If someone had asked me about when I started filmmaking to name the most important ingredient of a documentary, I’d probably say Story. But somehow I didn’t really know what that meant. In fact, at first I was rather skeptical of storytelling conventions – talk of “3-act structures”, “inciting incidents”, “raise-the-stakes” moments, they all made me think of some huckster running a weekend script-writing workshop.
I was also coming from a background in sociology – a field that values complexity and accuracy. I couldn’t help being bothered by the constant discrepancy between what “really” happened, and what got shown in a given documentary. When I’d listen to DVD director’s commentaries of docs, they always seemed to talk about how they changed around the sequence of events, or had to leave out really important information because it didn’t fit neatly enough into the story, or how they made a disagreement appear much worse than it really was because they needed to reinforce the “central conflict.” I’d think: why are these conventions so important? Why do you even need a central conflict? (Can’t we just make a film where everyone gets along?)
[Friend of foe?]
It's six years later, and a few hard lessons learned about storytelling, and I already find myself sounding like a huckster running a weekend script-writing workshop. If someone sends me a trailer or a rough-cut to review, I don’t watch for accuracy, I don’t watch for complexity. The first thing I do is scan the edit to see “does this person get Story?”
I'm not quite sure what happened - if I wised up or just drank the Coolaid. But along the way I started documenting some ‘ah ha’ moments I’ve had regarding story – both specifically for this film, but for story in general.
Dramatica: script-writing huckster central
The first idea that really spoke to me actually came from a narrative screenplay book called Dramatica which I stumbled across online HERE.
The key for me had to do with the idea of “Story Mind”: or the idea that storytelling conventions have less to do with following a old formula for its own sake, or following what’s become a social convention, and more to do with a techniques for engage with an audience’s inner psychological processes. Or, as they put it:
- "Story is a model of the mind's problem solving process. This Story Mind does not work like a computer, performing one operation after another until the solution is obtained. Rather, it works more holistically, like our own minds, bringing many conflicting considerations to bear on the issue. It is the author's argument as to the relative value of these considerations in solving a particular problem that gives a story its meaning."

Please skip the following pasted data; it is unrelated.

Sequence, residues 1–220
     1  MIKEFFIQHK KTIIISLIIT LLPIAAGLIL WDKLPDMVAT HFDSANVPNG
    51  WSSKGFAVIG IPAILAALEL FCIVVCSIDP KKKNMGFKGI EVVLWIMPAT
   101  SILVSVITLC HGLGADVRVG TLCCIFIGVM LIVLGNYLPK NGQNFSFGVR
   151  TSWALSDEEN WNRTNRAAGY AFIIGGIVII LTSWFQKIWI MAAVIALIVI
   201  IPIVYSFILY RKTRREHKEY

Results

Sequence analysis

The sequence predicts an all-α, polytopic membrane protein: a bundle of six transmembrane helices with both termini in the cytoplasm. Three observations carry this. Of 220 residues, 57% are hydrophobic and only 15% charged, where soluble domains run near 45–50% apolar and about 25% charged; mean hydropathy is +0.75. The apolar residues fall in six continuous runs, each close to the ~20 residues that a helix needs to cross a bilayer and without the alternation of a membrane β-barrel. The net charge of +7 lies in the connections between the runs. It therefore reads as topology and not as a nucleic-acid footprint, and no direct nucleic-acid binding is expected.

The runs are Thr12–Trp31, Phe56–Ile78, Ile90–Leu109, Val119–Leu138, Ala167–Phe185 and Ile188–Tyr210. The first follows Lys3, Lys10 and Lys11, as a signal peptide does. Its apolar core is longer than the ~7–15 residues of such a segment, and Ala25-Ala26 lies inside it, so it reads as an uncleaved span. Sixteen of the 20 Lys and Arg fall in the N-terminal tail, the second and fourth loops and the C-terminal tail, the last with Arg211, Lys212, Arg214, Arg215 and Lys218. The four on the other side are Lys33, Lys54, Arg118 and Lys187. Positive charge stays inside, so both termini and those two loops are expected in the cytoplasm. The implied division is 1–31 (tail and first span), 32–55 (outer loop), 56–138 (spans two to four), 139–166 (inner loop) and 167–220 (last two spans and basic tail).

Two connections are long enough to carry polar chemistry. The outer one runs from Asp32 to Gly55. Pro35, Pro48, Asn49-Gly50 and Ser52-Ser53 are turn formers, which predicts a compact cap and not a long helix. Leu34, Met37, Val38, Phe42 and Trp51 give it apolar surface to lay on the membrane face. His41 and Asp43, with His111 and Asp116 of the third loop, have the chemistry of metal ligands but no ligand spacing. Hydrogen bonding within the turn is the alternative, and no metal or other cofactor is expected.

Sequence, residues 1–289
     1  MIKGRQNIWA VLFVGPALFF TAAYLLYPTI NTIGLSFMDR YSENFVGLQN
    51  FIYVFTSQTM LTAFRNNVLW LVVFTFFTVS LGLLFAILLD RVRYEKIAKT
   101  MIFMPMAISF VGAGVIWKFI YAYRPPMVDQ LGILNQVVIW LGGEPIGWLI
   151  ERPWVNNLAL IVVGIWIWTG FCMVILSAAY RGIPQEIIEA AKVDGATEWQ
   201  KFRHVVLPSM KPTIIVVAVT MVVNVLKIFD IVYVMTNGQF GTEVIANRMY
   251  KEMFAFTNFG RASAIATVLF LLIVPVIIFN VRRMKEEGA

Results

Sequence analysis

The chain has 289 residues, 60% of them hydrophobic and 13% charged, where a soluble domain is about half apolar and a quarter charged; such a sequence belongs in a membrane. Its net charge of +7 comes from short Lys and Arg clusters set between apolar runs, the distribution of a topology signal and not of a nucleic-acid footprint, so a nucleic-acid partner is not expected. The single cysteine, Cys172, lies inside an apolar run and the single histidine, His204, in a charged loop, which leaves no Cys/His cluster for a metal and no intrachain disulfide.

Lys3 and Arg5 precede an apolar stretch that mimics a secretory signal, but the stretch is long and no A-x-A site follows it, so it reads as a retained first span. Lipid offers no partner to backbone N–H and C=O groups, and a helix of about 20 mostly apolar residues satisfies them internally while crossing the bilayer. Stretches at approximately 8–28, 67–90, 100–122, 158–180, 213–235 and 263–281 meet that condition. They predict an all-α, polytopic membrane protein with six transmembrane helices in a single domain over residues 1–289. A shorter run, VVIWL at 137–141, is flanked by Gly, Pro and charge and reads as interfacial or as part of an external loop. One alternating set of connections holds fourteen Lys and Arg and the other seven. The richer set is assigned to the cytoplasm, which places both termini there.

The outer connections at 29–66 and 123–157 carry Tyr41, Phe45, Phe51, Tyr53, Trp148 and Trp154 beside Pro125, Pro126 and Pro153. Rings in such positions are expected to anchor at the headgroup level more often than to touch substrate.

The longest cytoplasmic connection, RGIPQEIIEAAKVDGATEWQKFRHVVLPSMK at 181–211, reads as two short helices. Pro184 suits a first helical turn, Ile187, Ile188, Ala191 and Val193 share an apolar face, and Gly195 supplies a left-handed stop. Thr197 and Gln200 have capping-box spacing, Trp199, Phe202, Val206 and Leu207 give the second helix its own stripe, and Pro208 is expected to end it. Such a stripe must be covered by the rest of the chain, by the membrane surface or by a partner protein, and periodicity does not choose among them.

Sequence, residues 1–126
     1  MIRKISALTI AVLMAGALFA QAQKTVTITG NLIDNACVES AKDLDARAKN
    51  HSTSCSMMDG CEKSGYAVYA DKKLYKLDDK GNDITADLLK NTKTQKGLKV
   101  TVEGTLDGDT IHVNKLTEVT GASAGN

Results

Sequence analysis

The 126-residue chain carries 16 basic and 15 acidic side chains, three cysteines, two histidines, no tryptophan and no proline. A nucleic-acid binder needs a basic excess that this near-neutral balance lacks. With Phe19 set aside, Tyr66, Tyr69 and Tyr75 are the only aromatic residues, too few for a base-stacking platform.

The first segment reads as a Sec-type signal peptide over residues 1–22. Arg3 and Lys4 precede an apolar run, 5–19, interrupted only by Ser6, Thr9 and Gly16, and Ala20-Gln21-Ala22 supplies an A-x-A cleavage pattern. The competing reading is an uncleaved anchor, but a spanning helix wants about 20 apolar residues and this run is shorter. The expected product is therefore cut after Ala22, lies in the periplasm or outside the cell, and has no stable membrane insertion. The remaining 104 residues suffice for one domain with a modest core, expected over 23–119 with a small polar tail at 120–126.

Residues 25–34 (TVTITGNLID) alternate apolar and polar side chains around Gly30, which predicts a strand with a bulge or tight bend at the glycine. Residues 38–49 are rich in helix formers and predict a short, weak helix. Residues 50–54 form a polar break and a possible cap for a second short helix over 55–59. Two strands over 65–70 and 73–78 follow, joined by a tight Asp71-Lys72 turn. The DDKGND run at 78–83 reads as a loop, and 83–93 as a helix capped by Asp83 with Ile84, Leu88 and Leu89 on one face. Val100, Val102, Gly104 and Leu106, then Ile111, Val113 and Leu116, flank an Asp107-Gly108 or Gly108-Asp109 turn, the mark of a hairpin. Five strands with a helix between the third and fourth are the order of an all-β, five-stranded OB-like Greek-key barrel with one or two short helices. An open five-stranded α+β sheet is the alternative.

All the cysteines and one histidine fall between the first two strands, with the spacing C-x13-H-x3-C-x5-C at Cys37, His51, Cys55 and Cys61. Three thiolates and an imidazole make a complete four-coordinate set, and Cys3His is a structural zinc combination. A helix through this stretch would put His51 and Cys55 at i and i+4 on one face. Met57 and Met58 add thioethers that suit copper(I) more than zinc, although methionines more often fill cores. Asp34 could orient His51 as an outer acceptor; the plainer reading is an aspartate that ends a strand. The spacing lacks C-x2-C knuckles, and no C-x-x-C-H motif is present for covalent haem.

In other words, there’s something about the conventions (3-act structure, the “inciting incident,” the “raise-the-stakes” moment ) that are hard-wired into our psychology. When we as individuals face an emotional or moral conflict, these certain ingredients, unfolding a certain order, roughly reflect what our minds are experiencing on the inside, regardless of what’s occurring on the outside. So if a story needs to leave off lots of details , it’s because our mind generally leaves off lots of details. If a story changes the sequence of events, its because, when we’re reflecting on events, our minds can changes their sequence. In each case, our mind is only interested in the clues that matter most to the central conflict we’re struggling with in that given moment.
The book most clearly applies this idea to the idea of story archtypes – how the different stock characters types (Protagonist, Antagonist, Side Kick, Reason, Emotion, the Guardian, etc.) represent the voices in our head that come to bear in helping us make a difficult decision.
It all makes for a good read (and probably a better weekend-workshop). And I believe it helped me make my filmmaking a lot more engaging. I've learned that if I can create a story that's structured and unfolds in a way that reminds the viewer of a deep psychological conflict they've experienced, then they'll be 10-times more engaged and interested.
But it also begs the question: what are films (especially documentaries) supposed to be about? Are they not about the actual TOPIC of the documentary, but rather about head-trip of the audience member watching it? Should filmmakers resign themselves to the idea that audience members aren't actually interested in their documentary, they're only interested in perspective on their own minds?
I’m still working on that one, but I’m leaning towards a yes on both counts. In a way that's very troubling -especially when it comes to the ethics of the director, who will always need to alter reality in some way to fit their own vision of a story. But in other ways, it seems like not such a bad thing.